“When is a sub most vulnerable to attack?”
“I’d say at dawn. We almost always run on the surface at night, and we need to know what ships, friends or foes, may be present when it gets light. So, even in war-time, we’d stay up until there was some reason to go down. However, no one can look directly into the rising sun.”
Viv was reminded of air combat, and realized that it would be very like having a fighter attack out of the sun. She replied, “So a Walrus coming out of the sun would be almost on top of you before you could react.”
“We might hear it before we could see it.”
But, not, Viv thought, if the Walrus was in a glide.
The next day, Viv told Ivan about Lt. Meadows, and his advice. Ivan seemed impressed, and added, “We might also be able to do something coming out of the setting sun.”
“Even a sub that’s been submerged all day would want to take advantage of the last daylight to see if there are possible targets to attack at night.”
“One way or another, we’ll have to practice night flying.”
Ivan managed to expedite things to the extent of getting his ship ready to go out with a skeleton crew for a trial Walrus landing before its being taken over by the Admiralty. David and Viv left this time from Bridport, and flew down over the coast. Seeing a group of ships, David explained how a torpedo attack was executed, adding, “This aircraft is a little different to a Swordfish, but it must weigh about the same as a Swordfish carrying a torpedo.”
Picking out an innocent ship, he flew parallel to it until slightly ahead. He then went into a steep left bank with the wing tip only a few feet above the water as he said, “This is to confuse the AA fire.”
They then zoomed straight for the ship, pretended to release a torpedo, and skimmed over its foredeck. Viv found it quite exhilarating, and replied, “Much the same thing should work for a gun attack on a U-boat.”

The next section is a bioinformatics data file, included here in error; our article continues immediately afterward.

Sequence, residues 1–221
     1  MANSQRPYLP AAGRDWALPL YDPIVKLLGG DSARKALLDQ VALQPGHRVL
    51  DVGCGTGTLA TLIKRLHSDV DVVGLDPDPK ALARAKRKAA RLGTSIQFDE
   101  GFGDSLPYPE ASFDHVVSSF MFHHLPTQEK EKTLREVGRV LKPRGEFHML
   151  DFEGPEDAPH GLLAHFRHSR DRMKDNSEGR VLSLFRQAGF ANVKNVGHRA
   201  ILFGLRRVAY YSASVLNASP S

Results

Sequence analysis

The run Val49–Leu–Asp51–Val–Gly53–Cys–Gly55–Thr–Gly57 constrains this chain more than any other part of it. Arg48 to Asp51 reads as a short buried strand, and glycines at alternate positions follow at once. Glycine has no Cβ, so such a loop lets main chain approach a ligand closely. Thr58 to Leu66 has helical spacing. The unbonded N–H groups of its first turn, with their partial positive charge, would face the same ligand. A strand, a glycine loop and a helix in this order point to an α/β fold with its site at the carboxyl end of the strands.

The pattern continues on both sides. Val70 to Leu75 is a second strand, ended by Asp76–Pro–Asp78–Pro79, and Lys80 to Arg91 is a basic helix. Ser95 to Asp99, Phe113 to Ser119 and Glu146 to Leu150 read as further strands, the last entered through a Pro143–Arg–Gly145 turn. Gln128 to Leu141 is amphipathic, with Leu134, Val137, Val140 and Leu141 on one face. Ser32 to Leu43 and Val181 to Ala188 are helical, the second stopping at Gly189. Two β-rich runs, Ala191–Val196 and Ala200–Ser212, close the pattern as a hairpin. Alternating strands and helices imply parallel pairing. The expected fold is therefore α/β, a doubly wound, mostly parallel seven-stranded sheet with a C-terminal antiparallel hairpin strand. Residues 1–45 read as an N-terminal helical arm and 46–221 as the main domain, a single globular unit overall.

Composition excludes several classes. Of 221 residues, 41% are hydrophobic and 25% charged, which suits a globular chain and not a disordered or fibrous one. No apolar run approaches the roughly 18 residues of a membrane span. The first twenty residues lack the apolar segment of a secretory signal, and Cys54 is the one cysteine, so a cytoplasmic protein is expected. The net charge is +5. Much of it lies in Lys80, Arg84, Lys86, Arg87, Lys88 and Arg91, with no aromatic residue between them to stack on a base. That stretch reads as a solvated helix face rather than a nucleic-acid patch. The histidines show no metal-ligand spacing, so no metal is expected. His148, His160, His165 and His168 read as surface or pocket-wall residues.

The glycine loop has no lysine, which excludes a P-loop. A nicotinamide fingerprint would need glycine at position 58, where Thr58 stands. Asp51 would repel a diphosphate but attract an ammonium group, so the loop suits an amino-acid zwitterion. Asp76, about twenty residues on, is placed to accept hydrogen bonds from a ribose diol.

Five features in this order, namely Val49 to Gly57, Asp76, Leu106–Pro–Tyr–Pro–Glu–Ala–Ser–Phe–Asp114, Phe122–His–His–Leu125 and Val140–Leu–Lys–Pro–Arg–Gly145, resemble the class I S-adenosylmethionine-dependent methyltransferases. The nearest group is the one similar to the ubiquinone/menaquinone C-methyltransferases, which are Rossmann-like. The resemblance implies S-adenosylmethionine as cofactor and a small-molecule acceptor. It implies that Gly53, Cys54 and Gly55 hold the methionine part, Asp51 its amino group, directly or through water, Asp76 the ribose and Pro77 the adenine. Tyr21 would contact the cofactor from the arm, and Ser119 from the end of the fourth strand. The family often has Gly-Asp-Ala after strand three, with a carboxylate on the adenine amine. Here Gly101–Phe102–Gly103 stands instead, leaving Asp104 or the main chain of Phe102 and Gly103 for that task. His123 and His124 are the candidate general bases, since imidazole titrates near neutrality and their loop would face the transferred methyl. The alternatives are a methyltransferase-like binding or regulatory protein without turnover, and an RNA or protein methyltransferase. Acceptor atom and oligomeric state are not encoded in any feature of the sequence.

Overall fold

It took a while to discover which of the nearby ships was the Bolsky one, but, having identified it, they circled it twice to make sure.
David again gave Viv the control column, warning, “There’s a bit more swell this time, and this ship, being smaller, is pitching more.”
The Bolsky ship also wasn’t as fast as the big carrier, so that they approached at a greater relative speed. Viv came in on a straight approach, exactly lined up and losing altitude gradually. She had gotten used to a wheel instead of a stick and felt as if she could control the Walrus within a matter of inches. The object was again to skim the wheels over the wire, catching the hook hanging below the tail. With more movement this time, it took more concentration. After cutting the engine, Viv felt the hook catch just before the wheels hit the deck. However, as they were being slowed dramatically, there was a sudden uncontrollable swerve to the left. She knew immediately that the left tire had gone flat.
They hit the rail fairly hard with some crunching of metal right below Viv. David gestured as if such things had to be expected, and Viv replied, “The tire must have gone flat as we took off.”
“By the look of that air strip, there might be sharp objects half-buried in the ground.”
“Better to have it go flat here instead of in the take-off run.”
When Ivan came running up, Viv congratulated him on his foresight in putting railings on the flight deck.
Some damage was revealed when the Walrus was pulled away from the rail, but it was the sort of aircraft on which bent metal could be pounded back into shape with hammers.